The Risks of Diabetic Retinopathy
Diabetic retinopathy is a complication of diabetes that impacts the blood vessels that nourish the retina. When diabetic retinopathy is present, these blood vessels begin to grow abnormally. Growth abnormalities can cause damage to vision as well as other complications, making it vital for those who notice the signs of diabetic retinopathy, such as floaters and flashes, to seek treatment immediately.
At Monterey County Eye Associates, we specialize in treating diabetic retinopathy and other retinal disorders with advanced techniques to provide our patients with optimal outcomes. Now, let's take a moment to consider some risks of diabetic retinopathy and why it's important to seek treatment. If you would like more information about the risks of diabetic retinopathy and live in or around Monterey, CA, we welcome you to contact our staff to schedule a consultation.
Retinal detachment is a condition in which the retina pulls away from the tissues and blood vessels that support it. Diabetic retinopathy can cause retinal detachment as a result of the growth of scar tissue linked to the development of abnormalities in the blood vessels around the retina. Some signs of retinal detachment include flashes of light, floating spots, or darkening of the peripheral vision. Retinal detachment is a medical emergency that can lead to permanent vision loss if not treated.
A vitreous hemorrhage occurs when blood leaks into an area of the eye called the vitreous humor. The vitreous humor is a clear, gel-like material that is found between the lens and the retina of the eye. A vitreous hemorrhage may occur when diabetic retinopathy is present and is a result of leakage from abnormal blood vessels.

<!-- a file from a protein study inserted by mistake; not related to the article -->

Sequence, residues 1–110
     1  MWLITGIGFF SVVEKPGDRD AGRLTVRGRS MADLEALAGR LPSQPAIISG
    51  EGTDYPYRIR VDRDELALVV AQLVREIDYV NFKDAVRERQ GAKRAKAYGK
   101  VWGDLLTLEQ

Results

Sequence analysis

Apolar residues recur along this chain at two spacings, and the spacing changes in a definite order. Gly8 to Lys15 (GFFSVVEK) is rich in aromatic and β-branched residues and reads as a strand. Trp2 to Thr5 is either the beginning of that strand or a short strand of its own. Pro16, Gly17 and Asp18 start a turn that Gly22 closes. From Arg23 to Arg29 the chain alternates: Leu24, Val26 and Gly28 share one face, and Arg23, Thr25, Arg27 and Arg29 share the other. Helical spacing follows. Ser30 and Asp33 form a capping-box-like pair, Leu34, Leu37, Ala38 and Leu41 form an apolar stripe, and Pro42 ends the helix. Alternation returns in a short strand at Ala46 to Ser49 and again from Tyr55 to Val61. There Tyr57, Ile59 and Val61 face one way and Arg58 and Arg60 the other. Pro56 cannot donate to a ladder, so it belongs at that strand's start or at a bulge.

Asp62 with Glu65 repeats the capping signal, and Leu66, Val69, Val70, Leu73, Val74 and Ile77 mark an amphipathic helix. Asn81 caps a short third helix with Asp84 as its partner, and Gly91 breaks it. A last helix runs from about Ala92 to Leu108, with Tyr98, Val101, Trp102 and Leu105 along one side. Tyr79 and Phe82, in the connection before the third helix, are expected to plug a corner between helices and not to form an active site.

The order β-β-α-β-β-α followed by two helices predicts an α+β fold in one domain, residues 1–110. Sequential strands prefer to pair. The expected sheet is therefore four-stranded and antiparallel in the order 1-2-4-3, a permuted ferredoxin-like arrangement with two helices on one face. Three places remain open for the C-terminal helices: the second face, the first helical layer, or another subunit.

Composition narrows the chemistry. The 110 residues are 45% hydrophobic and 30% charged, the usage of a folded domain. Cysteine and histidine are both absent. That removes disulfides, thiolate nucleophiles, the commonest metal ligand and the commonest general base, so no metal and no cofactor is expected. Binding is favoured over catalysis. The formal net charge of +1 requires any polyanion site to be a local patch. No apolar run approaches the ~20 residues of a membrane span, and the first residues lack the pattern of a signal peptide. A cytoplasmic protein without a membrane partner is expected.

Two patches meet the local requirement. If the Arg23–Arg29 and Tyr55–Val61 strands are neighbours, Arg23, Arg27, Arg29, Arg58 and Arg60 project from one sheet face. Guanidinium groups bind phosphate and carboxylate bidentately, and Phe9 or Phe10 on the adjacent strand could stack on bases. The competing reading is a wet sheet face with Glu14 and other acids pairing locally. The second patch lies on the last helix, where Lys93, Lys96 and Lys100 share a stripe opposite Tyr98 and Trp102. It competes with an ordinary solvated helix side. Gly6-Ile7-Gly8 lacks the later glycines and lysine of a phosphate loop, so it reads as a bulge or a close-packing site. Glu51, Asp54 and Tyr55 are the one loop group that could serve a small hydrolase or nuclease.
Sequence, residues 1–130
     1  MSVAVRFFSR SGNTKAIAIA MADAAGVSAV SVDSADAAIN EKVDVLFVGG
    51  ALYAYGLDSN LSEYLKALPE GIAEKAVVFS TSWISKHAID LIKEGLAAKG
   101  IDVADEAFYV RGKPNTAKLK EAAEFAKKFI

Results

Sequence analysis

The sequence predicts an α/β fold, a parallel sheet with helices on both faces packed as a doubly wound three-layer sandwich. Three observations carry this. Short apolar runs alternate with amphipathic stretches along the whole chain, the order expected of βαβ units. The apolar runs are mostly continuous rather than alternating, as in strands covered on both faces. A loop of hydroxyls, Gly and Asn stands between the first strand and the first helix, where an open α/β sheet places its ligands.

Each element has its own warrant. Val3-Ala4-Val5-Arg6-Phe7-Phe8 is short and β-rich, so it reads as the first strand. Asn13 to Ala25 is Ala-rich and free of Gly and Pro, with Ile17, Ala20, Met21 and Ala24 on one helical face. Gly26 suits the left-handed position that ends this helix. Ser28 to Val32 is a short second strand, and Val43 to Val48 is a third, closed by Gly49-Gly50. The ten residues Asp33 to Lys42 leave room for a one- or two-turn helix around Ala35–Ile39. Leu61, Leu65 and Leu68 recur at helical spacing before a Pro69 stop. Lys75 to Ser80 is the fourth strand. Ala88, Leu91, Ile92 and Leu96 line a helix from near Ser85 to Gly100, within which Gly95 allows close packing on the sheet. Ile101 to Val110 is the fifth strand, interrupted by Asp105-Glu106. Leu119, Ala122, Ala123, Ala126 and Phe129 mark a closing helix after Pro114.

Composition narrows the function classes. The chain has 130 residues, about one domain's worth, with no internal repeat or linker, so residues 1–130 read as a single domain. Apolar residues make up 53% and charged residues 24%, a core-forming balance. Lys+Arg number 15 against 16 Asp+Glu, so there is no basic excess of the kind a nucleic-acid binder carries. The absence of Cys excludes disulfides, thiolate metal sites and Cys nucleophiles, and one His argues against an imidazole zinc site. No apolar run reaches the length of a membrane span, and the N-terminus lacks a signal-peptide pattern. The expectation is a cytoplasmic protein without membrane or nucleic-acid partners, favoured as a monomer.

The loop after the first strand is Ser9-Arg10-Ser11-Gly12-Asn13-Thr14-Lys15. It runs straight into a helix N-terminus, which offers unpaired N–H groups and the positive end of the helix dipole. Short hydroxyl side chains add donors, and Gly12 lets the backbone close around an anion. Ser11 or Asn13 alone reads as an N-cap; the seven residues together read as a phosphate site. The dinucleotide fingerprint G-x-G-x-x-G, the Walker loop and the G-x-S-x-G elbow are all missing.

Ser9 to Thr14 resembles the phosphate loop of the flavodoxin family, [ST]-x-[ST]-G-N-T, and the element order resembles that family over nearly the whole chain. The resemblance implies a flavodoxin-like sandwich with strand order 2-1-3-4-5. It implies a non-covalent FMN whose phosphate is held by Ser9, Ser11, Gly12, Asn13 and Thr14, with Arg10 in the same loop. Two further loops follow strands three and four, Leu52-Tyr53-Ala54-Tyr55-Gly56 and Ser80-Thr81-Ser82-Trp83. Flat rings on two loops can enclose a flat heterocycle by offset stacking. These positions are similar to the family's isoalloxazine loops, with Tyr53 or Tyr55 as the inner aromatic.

The symptoms of a vitreous hemorrhage will be more or less severe depending on the amount of blood that has leaked into the vitreous humor. A small amount of leakage may cause a person to see a few floaters, or dark spots, while a more serious leakage has the potential to cause temporary vision loss. Vision often returns to normal as the blood clears from the vitreous humor. However, in some cases, the retina will be damaged and vision will be permanently affected.
Glaucoma is a group of eye conditions in which the optic nerve, the nerve that connects the eyes to the brain, becomes damage as a result of high pressure inside the eye. Diabetic retinopathy can lead to the development of glaucoma when damage to the blood vessels causes new, abnormal vessels to grow. As these new blood vessels develop, it may interfere with the natural flow of fluid within the eye. This can lead to an increase in eye pressure, causing glaucoma to develop. Some symptoms of glaucoma include blurred vision, distorted vision, or vision loss. Some people may experience no symptoms.
The biggest risk of diabetic retinopathy is complete vision loss. Blindness may occur as a result of damage to the retina, damage to the blood vessels that nourish the retina, or from other complications of diabetic retinopathy, such as glaucoma or retinal detachment.
Discover Your Treatment Options
To learn more about treatment options for diabetic retinopathy, or other eye health concerns, we welcome you to contact the Monterey County Eye Associates to schedule a consultation.